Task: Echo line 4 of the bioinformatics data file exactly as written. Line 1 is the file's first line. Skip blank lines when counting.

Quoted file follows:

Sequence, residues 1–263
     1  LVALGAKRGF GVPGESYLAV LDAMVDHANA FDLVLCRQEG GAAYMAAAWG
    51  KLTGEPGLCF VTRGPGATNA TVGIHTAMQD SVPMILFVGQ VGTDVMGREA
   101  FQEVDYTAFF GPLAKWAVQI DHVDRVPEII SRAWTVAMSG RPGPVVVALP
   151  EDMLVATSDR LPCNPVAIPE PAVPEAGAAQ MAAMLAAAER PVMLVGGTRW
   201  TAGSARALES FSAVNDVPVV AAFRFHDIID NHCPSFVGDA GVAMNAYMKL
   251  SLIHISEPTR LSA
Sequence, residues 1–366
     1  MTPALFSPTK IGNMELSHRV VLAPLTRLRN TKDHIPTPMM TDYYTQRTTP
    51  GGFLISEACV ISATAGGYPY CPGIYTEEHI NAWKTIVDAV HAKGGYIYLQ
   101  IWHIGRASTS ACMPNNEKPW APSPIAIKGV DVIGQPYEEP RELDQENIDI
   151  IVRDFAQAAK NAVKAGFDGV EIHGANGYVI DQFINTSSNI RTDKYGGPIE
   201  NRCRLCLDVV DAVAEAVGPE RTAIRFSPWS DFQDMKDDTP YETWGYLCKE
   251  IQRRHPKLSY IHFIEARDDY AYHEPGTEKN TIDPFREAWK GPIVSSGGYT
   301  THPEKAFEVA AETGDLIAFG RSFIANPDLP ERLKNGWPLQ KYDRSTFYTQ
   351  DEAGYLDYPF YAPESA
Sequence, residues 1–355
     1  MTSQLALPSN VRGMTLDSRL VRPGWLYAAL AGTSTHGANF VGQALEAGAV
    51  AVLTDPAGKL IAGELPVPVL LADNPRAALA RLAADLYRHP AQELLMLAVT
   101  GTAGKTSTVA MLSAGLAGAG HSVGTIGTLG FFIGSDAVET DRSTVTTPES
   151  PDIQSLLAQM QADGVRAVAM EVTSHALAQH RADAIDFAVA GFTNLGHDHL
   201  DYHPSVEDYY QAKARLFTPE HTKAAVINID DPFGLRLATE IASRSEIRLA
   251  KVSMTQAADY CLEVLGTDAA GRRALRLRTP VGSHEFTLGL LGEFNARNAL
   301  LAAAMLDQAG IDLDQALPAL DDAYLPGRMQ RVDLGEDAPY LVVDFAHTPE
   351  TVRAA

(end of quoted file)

   101  FQEVDYTAFF GPLAKWAVQI DHVDRVPEII SRAWTVAMSG RPGPVVVALP